JEANNE’S REVIEW

 

HONEYLAND is a breathtaking piece of filmmaking. Directors Tamara Kotevska and Ljubomir Stefanov, along with cinematographer Samir Ljuma, spent three years collecting over 400 hours of footage for this highly lauded documentary. They were commissioned by The Nature Conservation Project in Macedonia and funded by the Swiss Agency for Development and Cooperation to create an environmental video, and while doing so came across Hatidze, a wild beekeeper.

 

This is a very important story on so many levels. Besides caring for her bees, which Hatidze does with unimaginable diligence and love, she also has devoted her life to caring for her blind and paralyzed mother, Nazife --- and her faithful dog.

 

They live in a small hut in Ian, the mountainous area of Macedonia that is almost not of this world. It’s desolate, with no modern conveniences AT ALL. It’s as if Hatidze and Nazife are living in a far distant century, except they’re really only 20 km away from the nearest city where Hatidze goes to sell her honey.

 

During the time Stefanov and Kotevska were filming, the nomadic Hussein family --- mother, father and seven children --- moved their tiny camper next to Hatidze. They also had a small herd of cattle, along with goats, chickens, etc. They become very interested in keeping bees and at first Hatidze is helpful. But eventually their greed overcomes the need to protect the bees --- and then their bees begin killing Hatidze’s bees.

 

Hussein’s disregard for the ecological necessity of proper beekeeping cost him and Hatidze their livelihood. Hatidze and her forefathers for many generations preserved the method of only taking half the honey at a time. During the winter, when obviously there is no pollen, Hatidze makes sure the bees have their own honey for survival. Hussein refuses to follow her advice, taking all the honey and not leaving anything for the bees, thus creating a crisis for Hatidze.

 

HONEYLAND, only 85 minutes in length, is a stunning example of the precarious balance between nature and humans. It’s a subtle indictment of our capitalistic ways of taking what we want as a society and not caring about the consequence of our actions.

 

The cinematography is grand in its scope. Although Macedonia is not as lush as some other countries, the vistas captured by Ljuma are magnificent, nonetheless. HONEYLAND was a big winner at the Sundance Film Festival. It won three awards: World Cinema Grand Jury Prize: Documentary, Special Jury Award for Impact for Change and World Cinema Documentary Special Jury Award for Cinematography. Need I write more?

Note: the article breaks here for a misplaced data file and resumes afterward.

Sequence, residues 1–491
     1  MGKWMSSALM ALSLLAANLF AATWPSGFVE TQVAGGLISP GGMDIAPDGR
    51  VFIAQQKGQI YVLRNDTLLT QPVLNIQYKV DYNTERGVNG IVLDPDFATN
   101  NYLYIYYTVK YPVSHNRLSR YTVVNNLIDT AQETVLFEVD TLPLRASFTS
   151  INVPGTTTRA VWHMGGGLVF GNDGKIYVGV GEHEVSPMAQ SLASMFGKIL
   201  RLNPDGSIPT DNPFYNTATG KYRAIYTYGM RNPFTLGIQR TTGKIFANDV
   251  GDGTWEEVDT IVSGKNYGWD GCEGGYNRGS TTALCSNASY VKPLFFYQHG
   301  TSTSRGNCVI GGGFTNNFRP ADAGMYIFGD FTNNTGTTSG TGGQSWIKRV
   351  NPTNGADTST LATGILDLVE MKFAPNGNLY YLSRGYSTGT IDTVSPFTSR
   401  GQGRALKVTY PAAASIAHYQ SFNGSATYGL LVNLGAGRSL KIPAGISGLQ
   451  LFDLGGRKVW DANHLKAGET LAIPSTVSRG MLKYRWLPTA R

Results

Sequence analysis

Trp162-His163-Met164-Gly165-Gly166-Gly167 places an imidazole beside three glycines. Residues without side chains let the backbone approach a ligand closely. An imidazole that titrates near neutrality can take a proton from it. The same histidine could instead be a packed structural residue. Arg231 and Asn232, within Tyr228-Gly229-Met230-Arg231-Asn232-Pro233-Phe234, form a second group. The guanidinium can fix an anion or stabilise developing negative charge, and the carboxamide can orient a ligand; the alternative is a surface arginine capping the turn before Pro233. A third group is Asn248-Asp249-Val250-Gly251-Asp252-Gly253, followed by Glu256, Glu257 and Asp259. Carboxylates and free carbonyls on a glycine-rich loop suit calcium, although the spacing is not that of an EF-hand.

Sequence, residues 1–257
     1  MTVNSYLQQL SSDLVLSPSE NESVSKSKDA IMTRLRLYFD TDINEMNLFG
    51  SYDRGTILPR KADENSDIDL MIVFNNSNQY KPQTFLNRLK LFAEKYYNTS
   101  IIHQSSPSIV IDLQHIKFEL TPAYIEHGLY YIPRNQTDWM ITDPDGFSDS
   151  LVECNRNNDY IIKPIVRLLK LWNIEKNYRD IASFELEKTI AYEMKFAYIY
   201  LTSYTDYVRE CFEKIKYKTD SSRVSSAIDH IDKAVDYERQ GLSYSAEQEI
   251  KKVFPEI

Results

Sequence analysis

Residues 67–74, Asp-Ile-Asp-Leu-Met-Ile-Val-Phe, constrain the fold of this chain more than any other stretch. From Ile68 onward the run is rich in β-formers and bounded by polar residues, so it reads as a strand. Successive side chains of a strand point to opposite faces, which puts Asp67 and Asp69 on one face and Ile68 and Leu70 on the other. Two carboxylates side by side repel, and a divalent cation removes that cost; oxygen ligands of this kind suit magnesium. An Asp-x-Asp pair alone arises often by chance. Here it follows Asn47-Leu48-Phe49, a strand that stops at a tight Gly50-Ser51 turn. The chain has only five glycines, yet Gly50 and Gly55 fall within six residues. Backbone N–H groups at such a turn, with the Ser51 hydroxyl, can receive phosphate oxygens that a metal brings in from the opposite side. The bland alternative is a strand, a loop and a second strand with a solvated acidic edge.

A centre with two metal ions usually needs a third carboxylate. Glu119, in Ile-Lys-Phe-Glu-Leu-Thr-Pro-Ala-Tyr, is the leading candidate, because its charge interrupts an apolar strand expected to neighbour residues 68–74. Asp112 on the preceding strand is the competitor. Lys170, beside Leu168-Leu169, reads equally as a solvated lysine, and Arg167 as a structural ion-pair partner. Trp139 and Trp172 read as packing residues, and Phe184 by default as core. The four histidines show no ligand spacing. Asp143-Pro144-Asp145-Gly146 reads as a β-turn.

Opinion: See It Now!

 

DAVID’S REVIEW

 

Three years in the making, HONEYLAND is a documentary following the exploits of a 50-something female beekeeper named Hatidze Muratova. She lives in a crude hut in the mountains of Macedonia with Nazife, her elderly, ailing mother.

 

Hatizde depends on the honey output of her bees to survive. She carefully bottles honey for sale in the marketplace of the closest city, some 20 kilometers away. Watching her haggle pricing with the merchants in the market belies the fact that she is illiterate, and lives without electricity or basic contact with the outside world. She is shrewd and wise beyond her communicative shortcomings.

 

Her mother is blind and paralyzed and depends totally on her daughter’s care. Their life is beyond anything any of us could imagine. Hatizde treats her bees like family, making sure she leaves half the honey at “harvest” time to ensure the bees have sustenance over the winter. Working with literally thousands of bees, she rarely, if ever, gets stung.

 

Hatizde and Nazife’s almost surreal existence is interrupted when a nomad family named Hussein settles near their home. After several months, the patriarch upsets the order of things by collecting as much honey as possible to maximize his earnings. The family has zero regard for the natural balance of the beehives which creates a major conflict with Hatizde.

 

Despite her meager situation, Hatizde has moments of true joy, especially when she receives radio broadcasts from afar and can listen to music when her antenna and the weather cooperate. She has a ready smile for the filmmakers, and a twinkle in her eyes when talking about her bees. She even sings on occasion. As Jeanne has pointed out, HONEYLAND was the most awarded film at Sundance this year. It is a most unusual viewing experience.

 

Opinion:  Mild See It Now!